Children have a natural urge to partake in the activities of daily living and be a participating member of family life.
Simple chores adults may take for granted fascinate the child, engaging them in the meaningful learning of life skills.
Practical life activities help children develop and coordinate movement, awareness of the environment, order thought patterns, independent work habits, and responsibility.
The lessons in Practical Life include:
Preliminary Exercises- preparing the fine motor skills for more challenging activities (spooning, pouring, stringing, etc.)
Care of the Environment- learning to respect and care for the tools in the space where the child lives and learns (food preparation, sweeping, dusting, washing, polishing, etc.)
Care of the Person- learning the basics of self-care skills (hand washing, nose blowing, dressing, nutrition, etc.)
Grace and Courtesy- learning social skills (walking carefully, communication, manners, table setting, hosting a guest, etc.)
The materials and activities are iconic Montessori.
They allow children to pursue their natural tendency to classify sensorial impressions and sort by size, shape, color, touch, sound, and weight.
The sensorial materials isolate specific qualities, have a built in control of error, allow for repetition, and make abstract qualities concrete.
Sensorial activities lay a foundation for math, geometry, geography, botany, zoology.
Children are immersed in language the moment they enter the classroom. Spoken language is encouraged as children communicate with each other individually, in small groups, and in large groups. A library of books is available for enjoyment and information. Stories are read and told individually, in small and large groups.
The phonemic awareness is taught through hands on activities and games, the alphabet is learned with fun and interesting sorting and matching works, handwriting is practiced through tracing shapes, sandpaper letters, and using chalkboards, moveable alphabet letters are used for writing words, and labels are used all over for word recognition.
Reading for 4 or 5 year olds in a Montessori program usually follows an immersion in writing activities, mostly done using the moveable alphabets. The children spontaneously synthesize all of the phonemes they have learned and the sight words they have been given and often discover that one day they can now read. In addition to a wide range of suitable fiction and non-fiction books in each classroom, there are vocabulary cards in relation to every subject area (nomenclature of everyday objects, social studies, botany/zoology etc.).
Enrichment of vocabulary across the curriculum is a constant focus in the classroom. Another daily occurrence is reading aloud to the children as a group.
Children’s mathematical sense is built on the strong foundation of the sensorial materials where many fundamental concepts, such as length, volume, gradation, sequencing, grouping and so on, have been already experienced via the senses.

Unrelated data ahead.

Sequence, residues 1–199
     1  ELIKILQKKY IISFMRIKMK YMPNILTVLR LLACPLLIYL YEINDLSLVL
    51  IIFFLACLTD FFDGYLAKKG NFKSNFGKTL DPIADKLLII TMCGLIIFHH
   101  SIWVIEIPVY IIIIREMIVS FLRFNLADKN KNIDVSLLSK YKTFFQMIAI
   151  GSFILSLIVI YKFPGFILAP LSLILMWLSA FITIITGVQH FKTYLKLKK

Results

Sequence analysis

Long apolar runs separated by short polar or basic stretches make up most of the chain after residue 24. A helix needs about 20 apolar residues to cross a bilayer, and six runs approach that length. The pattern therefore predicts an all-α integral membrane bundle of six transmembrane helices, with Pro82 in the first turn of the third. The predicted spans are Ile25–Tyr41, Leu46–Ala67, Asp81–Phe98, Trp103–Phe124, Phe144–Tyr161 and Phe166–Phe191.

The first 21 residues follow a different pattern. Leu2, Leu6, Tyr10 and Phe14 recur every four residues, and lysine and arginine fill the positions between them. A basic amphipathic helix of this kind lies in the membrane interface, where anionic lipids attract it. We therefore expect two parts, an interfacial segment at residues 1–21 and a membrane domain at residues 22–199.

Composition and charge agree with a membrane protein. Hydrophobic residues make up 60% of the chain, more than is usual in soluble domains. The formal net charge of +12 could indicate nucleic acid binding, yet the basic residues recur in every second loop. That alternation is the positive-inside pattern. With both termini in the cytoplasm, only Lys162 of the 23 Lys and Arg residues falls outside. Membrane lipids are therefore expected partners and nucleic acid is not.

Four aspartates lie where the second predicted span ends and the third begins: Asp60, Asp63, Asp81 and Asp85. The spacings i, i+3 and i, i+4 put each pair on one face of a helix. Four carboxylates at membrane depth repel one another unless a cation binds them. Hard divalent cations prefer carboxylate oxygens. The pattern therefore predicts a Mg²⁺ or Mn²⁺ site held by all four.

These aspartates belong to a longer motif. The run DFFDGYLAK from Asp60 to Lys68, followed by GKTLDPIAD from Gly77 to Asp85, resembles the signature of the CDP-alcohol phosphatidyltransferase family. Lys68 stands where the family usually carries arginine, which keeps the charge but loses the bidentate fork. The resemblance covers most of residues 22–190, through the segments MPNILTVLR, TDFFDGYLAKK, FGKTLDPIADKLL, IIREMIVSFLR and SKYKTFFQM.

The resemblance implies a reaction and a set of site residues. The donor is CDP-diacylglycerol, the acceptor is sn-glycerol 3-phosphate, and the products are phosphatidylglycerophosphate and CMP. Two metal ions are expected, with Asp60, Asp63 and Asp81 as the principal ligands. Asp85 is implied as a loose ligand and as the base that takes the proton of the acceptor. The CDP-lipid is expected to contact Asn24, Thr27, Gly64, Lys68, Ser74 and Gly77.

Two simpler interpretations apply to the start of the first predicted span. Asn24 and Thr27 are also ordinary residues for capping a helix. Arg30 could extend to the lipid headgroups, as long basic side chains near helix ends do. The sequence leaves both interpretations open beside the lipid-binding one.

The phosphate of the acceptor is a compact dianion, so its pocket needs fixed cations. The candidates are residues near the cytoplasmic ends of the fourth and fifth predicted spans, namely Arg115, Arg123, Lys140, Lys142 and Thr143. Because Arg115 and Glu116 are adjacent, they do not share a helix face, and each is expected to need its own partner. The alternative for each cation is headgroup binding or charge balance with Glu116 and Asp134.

These activities make the abstract concepts of mathematics concrete for hands-on learning. Each activity isolates a particular concept and integrates with other activities to form a strong foundation for further exploration.
Math activities include 1 to 10 (sequences, quantity, numeral names, combinations of ten, basic arithmetic), teens, tens, introduction to the decimal system, and the operations of addition, multiplication, subtraction, and division.
Children explore fractional equivalences and the fractional names with manipulative materials.
These materials help the child learn about the facts of the material world. Working with the sensorial, language and cultural materials related to geography is an important part of the work of a Montessori classroom.
The children are introduced early to a sandpaper globe where they can have a visual and tactile experience of the Earth. Other sensorial materials and puzzle maps are used by the children to explore the continents of our world, the countries of each continent, and the provinces of our own country.
They also create key land and water forms such as lake, island, and peninsula. Social studies vocabulary is given both orally and with prepared nomenclature cards that are used by the children as an integrated part of their language work.
The children are introduced to the diversity of international cultures by means of stories, songs, celebrations, pictures, and artefacts. The students celebrate diversity of our world through language, music, art, traditions, food, stories, and history.
A variety of cultural themes are integrated into all curriculum areas.
Peace education is an integral part of the Montessori classroom and begins with respect for, understanding, and acceptance of differences as well as the celebration of the unifying aspects that connect us all.
Sensorial exploration and experimentation is key, as children learn about the natural world.
For example, sand and water tables allow for open-ended work while other activities isolate individual concepts such as sink and float, magnets, botany, etc. Care for plants and animals overlap with practical life activities and teach science as well as responsibility.
Basic skills of science, such as measuring, comparing, classifying, and keen observing, are carefully prepared and practiced. This work is accompanied by extensive classified nomenclature. For example, children learn the scientific nomenclature of the parts of a flower, such as the calyx and corolla.
Classification systems such as living/non-living and vertebrate/invertebrate are also taught. Children study the basic characteristics and nomenclature of plants and animals.
They learn to name common domestic and wild plants and animals, and they work with materials to learn fundamental classifications such as mammals, birds, reptiles, amphibians, and fish.